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Social Security: Why Do We Refuse To Fix It?

Updated on April 23, 2013

What Is Social Security?

The societal attempt to provide some form of social security is not a new concept; indeed, not only is it as old as civilization itself but it is a concept which could be considered a measure of degree of civilization. All through human history, to varying degrees, societies have found ways to care for their unemployed, ill, disabled, elderly and all others unable to fend for themselves. Through the storing of grain, the evolution of the feudal system, the rise of guilds or the beginning of charitable organizations society has tried to provide some form of safety net. Obviously, some methods were better than others; however, historically the social obligation remains to care for those who are unable to care for themselves and to provide members of society some sense of security.

A Short History of Social Security

The Social Security Act was signed into law by FDR in August 1935 during the Great Depression. Initially Social Security was simply retirement benefits for the primary worker, in 1939 survivor's benefits and benefits for the retiree's spouse and children were added. In 1956, during the Eisenhower administration, disability benefits were added. In 1937 workers were taxed 2% on their first $3,000 in earnings. Currently workers pay 6.2% in Social Security taxes and 1.45% in Medicare on their first $113,700 of earnings. Obviously taxes have increased, so have incomes, some dramatically. Over the ensuing years Social Security has been bent, prodded, adjusted, debated, expanded and contracted by the political parties. Whenever it comes time to talk budget inevitably entitlements and defense take center stage, Social Security accounted for approximately 20% of the 2011 federal budget while defense took up 19%. Medicare and Medicaid accounted for another 23% but are tied into the whole health care issue.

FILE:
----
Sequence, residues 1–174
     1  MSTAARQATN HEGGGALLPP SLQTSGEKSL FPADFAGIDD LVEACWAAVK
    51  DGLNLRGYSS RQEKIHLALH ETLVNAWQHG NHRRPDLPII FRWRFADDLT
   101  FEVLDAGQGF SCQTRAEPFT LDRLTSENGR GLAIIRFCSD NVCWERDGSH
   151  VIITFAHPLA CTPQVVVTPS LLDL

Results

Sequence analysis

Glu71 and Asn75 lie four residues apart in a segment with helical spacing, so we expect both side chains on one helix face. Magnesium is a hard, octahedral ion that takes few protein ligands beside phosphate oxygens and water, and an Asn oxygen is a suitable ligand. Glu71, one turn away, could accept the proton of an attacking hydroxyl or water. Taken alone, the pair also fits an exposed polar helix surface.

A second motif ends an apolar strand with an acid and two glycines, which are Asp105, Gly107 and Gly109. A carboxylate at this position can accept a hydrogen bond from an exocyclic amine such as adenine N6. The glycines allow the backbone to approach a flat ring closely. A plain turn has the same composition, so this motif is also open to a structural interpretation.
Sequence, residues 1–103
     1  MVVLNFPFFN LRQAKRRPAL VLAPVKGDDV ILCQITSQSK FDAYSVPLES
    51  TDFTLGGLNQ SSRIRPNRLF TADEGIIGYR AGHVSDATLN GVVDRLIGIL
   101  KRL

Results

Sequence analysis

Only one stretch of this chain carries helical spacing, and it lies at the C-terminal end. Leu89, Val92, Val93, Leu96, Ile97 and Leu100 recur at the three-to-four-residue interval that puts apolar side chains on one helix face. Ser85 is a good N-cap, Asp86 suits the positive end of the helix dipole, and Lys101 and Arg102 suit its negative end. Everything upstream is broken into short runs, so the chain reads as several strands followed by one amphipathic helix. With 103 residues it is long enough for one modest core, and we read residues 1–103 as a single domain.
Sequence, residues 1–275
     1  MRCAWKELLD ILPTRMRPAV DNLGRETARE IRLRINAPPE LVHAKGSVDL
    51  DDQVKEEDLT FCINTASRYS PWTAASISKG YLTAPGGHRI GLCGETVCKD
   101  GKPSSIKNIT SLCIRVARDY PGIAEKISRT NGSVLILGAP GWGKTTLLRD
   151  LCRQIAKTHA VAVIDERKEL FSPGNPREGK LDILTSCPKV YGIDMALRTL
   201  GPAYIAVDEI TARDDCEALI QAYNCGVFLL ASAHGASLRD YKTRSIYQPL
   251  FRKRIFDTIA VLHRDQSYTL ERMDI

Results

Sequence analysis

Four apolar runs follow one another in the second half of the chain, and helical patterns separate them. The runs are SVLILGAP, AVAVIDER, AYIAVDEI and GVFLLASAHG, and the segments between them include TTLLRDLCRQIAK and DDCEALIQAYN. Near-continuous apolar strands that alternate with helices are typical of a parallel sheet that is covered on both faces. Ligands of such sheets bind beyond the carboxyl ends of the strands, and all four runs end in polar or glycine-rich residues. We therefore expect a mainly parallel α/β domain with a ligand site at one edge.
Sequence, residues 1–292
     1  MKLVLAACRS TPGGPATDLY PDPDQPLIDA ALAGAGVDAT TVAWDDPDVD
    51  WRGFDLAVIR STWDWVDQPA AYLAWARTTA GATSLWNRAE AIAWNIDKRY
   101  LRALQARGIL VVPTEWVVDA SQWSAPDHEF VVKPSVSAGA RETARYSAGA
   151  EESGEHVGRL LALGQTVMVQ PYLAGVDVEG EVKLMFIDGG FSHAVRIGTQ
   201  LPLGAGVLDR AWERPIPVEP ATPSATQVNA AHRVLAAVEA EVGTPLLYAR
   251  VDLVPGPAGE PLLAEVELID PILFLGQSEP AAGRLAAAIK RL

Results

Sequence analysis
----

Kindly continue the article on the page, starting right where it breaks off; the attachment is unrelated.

Entitlement -- Why Is This A Negative?

Today there is a great debate about entitlements and how America can no longer afford them. Often when the prognosticators and commentators discuss the current economic crisis it seems as if the bane of our economy is the entitlements. Is the ruination of America that there are people who expect to be paid benefits from a system they have spent a lifetime paying into? We all have been hearing the system is going to fail and that we need to fix it for as long as anyone can remember. It seems as if there are plenty of folks to point fingers but very few who want to get down into the muck and work out a solution. The very word entitlement has gained a negative inference as if it is something due an individual merely for being and not because they have worked for it. Are American workers entitled to Social Security? They are – if for no other reason than they paid into it and upheld their part of the bargain. As long as the leaders of this country are more concerned with their own interests and are unwilling to risk political capital this issue will remain insoluble.

Let's Find A Solution

I would imagine there are innumerable ways to make the Social Security system solvent, among them raise the amount of tax, raise the retirement age and/or decrease the benefits. The question is – Who is going to get hurt in order to implement the fix? Anything along the aforementioned lines is going to hurt segments of the population from the bottom up whether it is wage or benefit related. Any solution will be unpalatable to someone but, for the good of America, it might be better to slap one group of citizens rather than gut punch another. I would suggest two ways to increase the amount of money in the pool. First, remove the cap on earnings. Most people pay Social Security tax on their total annual earnings, why doesn't everyone? Second, establish a means test and disallow payments to those with incomes and assets above a certain threshold. These two changes may not make the system solvent but it may take some of the pressure off of the system -- and that nice old lady down the block may be a bit less concerned about outliving her money and maybe she'll feel free to put her thermostat up to 60.


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